The January edition of SECURITY SALES & INTEGRATION includes our annual industry forecast as a cornerstone of our special 2014 Industry Forecast Issue. For the piece, I interviewed 25 of the industry’s most knowledgeable market analysts, business experts, security dealers, systems integrators, supplier representatives and trade association directors. Some of their perspectives can be found in the magazine article, with the balance of their assessments appearing in separate Under Surveillance blog posts.
Featured in this installment: Mitch Reitman, Principal, S.I.C. Consulting
What major technology and market changes do you envision for 2014?
Mitch Reitman: More technological advances are coming into the industry than in the past 20 years. It will be important to understand not only the features, but also the benefits, of new technology. Our concept of residential and commercial services is rapidly changing. It is going to be critical to separate beneficial technology from fads and fluff. New entrants will continue to disrupt the market and traditional companies will have to define their niche and be the premium provider. Aging Baby Boomers will increase demand for medical and personal emergence services while a new generation that is very technologically proficient will drive demand for services such as automation and video monitoring.
What do you see as the major issues affecting the overall security industry?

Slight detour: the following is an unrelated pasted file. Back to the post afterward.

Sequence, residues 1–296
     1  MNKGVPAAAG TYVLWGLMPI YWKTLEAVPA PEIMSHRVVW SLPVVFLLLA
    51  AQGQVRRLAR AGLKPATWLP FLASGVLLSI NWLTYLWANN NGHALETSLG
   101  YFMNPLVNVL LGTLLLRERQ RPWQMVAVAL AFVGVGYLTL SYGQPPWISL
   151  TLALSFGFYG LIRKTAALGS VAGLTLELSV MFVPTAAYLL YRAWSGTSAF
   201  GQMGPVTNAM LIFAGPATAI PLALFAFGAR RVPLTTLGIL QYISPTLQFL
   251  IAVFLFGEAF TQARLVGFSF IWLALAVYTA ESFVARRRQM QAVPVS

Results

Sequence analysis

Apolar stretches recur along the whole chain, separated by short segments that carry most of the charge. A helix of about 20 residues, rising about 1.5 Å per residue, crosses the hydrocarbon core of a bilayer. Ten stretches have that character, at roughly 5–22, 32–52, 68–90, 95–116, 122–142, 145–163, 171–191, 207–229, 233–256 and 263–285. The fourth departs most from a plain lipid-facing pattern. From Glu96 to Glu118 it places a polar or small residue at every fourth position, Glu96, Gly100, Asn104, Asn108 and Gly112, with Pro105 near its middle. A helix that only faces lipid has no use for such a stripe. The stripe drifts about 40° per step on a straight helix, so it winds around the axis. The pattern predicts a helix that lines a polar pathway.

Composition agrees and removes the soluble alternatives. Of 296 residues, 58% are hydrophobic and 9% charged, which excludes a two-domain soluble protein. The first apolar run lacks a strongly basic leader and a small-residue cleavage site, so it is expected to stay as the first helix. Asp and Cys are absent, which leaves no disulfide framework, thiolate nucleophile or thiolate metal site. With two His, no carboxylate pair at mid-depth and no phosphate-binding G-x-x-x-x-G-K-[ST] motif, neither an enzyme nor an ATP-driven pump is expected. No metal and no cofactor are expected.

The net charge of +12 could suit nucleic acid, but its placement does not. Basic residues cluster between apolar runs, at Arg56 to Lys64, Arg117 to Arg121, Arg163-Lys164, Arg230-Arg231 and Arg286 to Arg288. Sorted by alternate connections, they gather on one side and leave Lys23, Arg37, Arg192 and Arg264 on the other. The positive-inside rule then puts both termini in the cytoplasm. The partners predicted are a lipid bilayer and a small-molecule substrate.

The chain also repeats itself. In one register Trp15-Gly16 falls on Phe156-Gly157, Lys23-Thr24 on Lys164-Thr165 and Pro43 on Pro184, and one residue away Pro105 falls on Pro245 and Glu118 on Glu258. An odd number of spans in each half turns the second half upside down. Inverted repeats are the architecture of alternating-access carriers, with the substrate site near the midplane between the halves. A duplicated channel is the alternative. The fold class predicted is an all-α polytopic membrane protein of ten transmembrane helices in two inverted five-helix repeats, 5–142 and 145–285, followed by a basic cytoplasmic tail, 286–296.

Reitman:Traditional security companies will improve false alarm issues by utilizing technology, such as video monitoring and clips, and adopting policies such as Enhanced Call Verification. The increase of DIY alarms and ultra mass-marketed systems may lead to huge false alarm issues. Political bodies and regulatory agencies will struggle to pass ordinances and codes to keep up with new technology. National, state, and local trade associations have an opportunity to assist these entities in developing standards and ordinances.
What type of year are you anticipating overall?
Reitman: Large manufacturers will grow organically and through acquisitions. New, well financed, manufacturers, and start-ups will enter the marketplace. Some will thrive, many will leave. On the dealer side, efficient operators will thrive, poorly managed companies will struggle or sell. And the increased capital required to monitor new technology will drive consolidation of central stations.
What is something that might surprise people in 2014?
Reitman: The traditional business model, and by traditional, I mean alarm panels connected to central stations over POTS lines, has been changing for the past few years. I predict new installations that utilize radio, cellular or Internet protocol connectivity will surpass phone line protocols in the next year, if they haven’t already. Security and integration companies must not only understand the new technology, they must embrace it.
Anything else you would like to add pertaining to 2014?
Reitman: The midterm Congressional elections will have a huge impact on small businesses. If there is a large turnover in Congress, I expect the small business climate to improve. If things do not change, new taxes and regulations may make times very tough for small business owners.